RICK HENDRICK: Actually I do. I would like to see a guy that wins the race in the Chase get at least probably ten more points than we're getting now, and I think that's what it's all about, winning races.
It's hard to argue with the system. I thought we were out of it, now we're back in it, and actually leading it. But Jimmie has had a heck of a run with wins and a couple 2nds back to back.
But I would like to see more points for wins.
Q: Could you talk a little bit about what you saw with Jimmie when you first brought him on board and how you've seen him mature to where he is today?
RICK HENDRICK: You know, actually I've known Jimmie since he was probably 17 years old. Herb Fishel with Chevrolet called me about Jimmie way back, and we put him in a Late Model car. My God, I can't remember how many years ago it was. He was 16, 17 years old, I think.
You know, he's just been such a neat guy. I guess when I really started watching him a lot was in the Busch Series when he came back, and he was actually part of Ricky down in Darlington, and Jeff Gordon was helping Ricky, and Jimmie was like second fastest, I think. So we went over to ask him something about what his car was doing, and he said, well, I've only been here - this is my eighth lap on the track.
You know, just watching him and the kind of polished guy he was - we thought he was going to be really good but really was pleasantly surprised when we got him in the first test in a Cup car. He just really could handle the additional power and drive a car really loose and under control. Jimmie has just got the whole package.
I think, again, watching him mature now, and I think from last year to this year after kind of a heartbreaking end to the Chase in '04 and then again last year, coming back with kind of a different attitude, getting to be a smarter racer. Early on in the year if he had a 6th place car, don't push it, and I think Chad matured as a crew chief right along with him, I think not only this year in racing as the team kind of hit its stride, I think the two of those guys kind of hit their stride in learning how to deal with pressure, in learning how to focus on what they were looking for at practice, and it's just really neat to see them both mature. Jimmie, his feel for the car now, sitting in meetings and listening to him talk to engineers, he can dissect a corner as good as anybody I've ever heard.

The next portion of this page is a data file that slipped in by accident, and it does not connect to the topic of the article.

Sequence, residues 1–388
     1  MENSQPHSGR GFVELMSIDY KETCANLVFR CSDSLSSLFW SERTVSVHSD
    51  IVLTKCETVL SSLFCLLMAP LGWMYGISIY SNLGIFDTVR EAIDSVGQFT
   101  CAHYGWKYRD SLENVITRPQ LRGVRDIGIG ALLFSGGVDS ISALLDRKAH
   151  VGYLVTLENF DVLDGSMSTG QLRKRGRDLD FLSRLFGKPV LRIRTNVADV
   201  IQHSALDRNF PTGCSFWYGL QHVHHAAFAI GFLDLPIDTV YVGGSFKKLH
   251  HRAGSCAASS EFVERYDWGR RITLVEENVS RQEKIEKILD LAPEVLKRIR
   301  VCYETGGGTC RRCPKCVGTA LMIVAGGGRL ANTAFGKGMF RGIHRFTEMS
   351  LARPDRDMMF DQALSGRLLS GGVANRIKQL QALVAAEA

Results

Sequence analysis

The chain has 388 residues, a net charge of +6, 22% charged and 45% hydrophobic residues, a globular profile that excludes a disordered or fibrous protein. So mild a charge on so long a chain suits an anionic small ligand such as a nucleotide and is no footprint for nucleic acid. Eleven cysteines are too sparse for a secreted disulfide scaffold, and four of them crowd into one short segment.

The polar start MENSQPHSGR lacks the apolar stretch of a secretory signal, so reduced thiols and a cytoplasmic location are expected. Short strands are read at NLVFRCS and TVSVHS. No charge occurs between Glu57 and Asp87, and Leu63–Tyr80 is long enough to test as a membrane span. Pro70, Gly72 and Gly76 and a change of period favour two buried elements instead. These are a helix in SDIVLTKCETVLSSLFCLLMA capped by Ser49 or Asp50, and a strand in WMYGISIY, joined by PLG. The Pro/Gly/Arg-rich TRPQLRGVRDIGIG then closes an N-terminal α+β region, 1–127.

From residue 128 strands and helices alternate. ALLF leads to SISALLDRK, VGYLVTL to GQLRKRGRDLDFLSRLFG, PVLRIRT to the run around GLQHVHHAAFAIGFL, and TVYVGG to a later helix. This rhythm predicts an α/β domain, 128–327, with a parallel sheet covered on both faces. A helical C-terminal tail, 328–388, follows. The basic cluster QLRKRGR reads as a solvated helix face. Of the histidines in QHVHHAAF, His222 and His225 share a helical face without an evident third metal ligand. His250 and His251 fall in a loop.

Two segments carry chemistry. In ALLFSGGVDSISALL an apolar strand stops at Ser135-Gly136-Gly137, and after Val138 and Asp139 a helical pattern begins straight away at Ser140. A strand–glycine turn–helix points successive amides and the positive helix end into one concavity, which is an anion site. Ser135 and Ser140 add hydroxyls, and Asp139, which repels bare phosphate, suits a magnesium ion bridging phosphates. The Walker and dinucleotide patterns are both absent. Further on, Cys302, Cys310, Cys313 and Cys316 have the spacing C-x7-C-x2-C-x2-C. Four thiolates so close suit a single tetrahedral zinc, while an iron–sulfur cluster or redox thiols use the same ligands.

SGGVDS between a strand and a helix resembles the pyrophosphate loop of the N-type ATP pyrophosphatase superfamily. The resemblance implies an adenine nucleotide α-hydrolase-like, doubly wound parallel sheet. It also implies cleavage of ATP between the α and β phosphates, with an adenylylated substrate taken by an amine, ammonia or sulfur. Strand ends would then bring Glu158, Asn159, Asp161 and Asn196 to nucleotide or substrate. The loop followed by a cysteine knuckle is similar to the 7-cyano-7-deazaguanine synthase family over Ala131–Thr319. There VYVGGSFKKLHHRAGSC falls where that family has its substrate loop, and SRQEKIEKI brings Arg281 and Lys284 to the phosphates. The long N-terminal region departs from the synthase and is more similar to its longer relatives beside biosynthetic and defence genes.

Q: Just curious if Jimmie were to pull it out this weekend, he would be the third driver that you have won a Cup championship with. You've won with Jeff Gordon of course and also with Terry Labonte. That must say something pretty good about your judge of talent and also the run of drivers that you've put together at Hendrick Motorsports.
RICK HENDRICK: Thanks. We've been very fortunate to have guys that can - and I think the organization has learned how to run for championships. It would be really nice to see Jimmie - he's just been so good the last three years - ever since he's been in Cup he's been competitive, but to be there, I'd like to see him kind of close the deal this year.
But no, I think when Terry Labonte came on; he helped us a lot with just his gentle nature and sharing information.